In Part I, I discussed how Archbishop John Hughes’s high reputation with Catholic scholars fell precipitously after the Second Vatican Council, thanks in large part to the scholarship of Fr. Andrew Greeley. Part II argues that the long-lasting impact of Greeley’s negative portrayal of Hughes greatly influenced other scholars. Recent historians, however, have begun to reevaluate more positively Hughes’s role in the assimilation of Irish Catholics on their own terms.
Fr. Andrew Greeley’s criticisms of Hughes, and by extension the pre-Vatican II church, profoundly shaped other historians’ writings on American Catholic history. As more social historians such as Jay Dolan increasingly wrote about the laity rather than the bishops, Hughes was either denigrated or sidelined. Following Greeley’s lead, Dolan blamed Hughes for thwarting an earlier “desire to democratize Catholicism.” Hughes, argued Dolan, was part of a larger trend toward a more devotional, papacy-focused faith that was increasingly “sectarian” and marked by a strong persecution complex. Historian James Hennesey also echoed Greeley in lamenting that Bishop England’s democratic constitution governing his diocese did not outlive him. Calling England’s remarkably democratic system “one of the might-have-beens of American Catholic history,” Hennesey identified Hughes as one of the major forces pushing the church in a more episcopal and authoritarian direction.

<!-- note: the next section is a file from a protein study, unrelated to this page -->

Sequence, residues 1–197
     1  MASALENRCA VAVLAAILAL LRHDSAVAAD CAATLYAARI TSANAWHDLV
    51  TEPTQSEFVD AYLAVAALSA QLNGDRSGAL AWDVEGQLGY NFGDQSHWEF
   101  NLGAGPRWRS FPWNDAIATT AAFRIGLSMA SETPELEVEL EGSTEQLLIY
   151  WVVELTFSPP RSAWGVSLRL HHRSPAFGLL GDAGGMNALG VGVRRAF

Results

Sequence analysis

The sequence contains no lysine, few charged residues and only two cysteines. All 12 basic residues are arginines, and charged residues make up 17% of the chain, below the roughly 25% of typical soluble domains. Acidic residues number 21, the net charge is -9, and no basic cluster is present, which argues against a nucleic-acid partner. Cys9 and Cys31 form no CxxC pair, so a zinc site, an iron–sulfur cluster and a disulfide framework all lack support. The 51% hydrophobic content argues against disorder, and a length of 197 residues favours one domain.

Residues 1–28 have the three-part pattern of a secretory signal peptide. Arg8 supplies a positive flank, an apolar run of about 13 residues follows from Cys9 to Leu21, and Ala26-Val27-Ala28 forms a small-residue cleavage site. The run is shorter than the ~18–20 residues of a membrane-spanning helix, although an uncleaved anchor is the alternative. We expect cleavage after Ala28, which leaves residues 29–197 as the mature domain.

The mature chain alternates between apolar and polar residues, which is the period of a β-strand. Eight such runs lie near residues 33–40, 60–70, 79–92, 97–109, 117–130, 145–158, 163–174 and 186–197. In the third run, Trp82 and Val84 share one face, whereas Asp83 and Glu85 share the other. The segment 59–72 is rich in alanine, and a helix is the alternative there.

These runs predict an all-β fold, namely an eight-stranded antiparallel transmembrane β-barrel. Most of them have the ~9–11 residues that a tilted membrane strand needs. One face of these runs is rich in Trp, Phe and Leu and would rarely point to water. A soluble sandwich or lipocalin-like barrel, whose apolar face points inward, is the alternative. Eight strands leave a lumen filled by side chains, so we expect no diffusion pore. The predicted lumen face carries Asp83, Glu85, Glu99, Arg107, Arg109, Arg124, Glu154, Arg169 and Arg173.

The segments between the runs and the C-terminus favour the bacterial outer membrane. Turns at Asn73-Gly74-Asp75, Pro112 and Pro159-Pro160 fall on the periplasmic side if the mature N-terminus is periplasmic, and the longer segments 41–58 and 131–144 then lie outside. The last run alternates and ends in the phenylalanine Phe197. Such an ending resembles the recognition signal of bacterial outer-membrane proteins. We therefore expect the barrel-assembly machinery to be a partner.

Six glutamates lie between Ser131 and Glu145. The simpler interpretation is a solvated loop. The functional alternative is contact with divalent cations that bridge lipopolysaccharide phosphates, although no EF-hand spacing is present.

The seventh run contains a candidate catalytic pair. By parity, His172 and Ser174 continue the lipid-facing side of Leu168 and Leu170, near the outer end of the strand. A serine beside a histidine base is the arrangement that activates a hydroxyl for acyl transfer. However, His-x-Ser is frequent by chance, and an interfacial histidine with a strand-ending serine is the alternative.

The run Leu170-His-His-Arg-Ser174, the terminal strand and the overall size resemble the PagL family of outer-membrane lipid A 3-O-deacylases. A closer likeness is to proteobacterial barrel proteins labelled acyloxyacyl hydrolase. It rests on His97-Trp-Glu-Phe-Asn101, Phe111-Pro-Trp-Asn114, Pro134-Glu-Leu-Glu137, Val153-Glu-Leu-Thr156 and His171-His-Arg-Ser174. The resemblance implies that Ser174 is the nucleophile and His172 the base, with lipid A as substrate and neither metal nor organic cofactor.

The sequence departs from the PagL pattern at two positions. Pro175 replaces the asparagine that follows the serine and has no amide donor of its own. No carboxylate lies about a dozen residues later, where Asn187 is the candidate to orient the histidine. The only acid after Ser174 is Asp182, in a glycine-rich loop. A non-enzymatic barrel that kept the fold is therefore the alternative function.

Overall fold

In his biography of Bishop John Timon of Buffalo, New York, historian Leonard R. Riforgiato frequently cited Greeley to buttress his claim that Timon was a better, more modern bishop than Hughes. For example, Timon’s decision to build his cathedral in Buffalo’s heavily Protestant downtown showed he was open to “social interaction with non-Catholics,” whereas Hughes’s placement of St. Patrick’s far from the city’s then center was a “monument to Catholicism triumphant.” “Hughes did not offer a working alternative to the Ghetto, but John Timon did,” Riforgiato claimed. “To its great detriment, the church followed the vision of Hughes, not Timon.” In short, Riforgiato substituted Timon’s name for England’s in an anti-Hughes diatribe that was essentially the same as that of Andrew Greeley.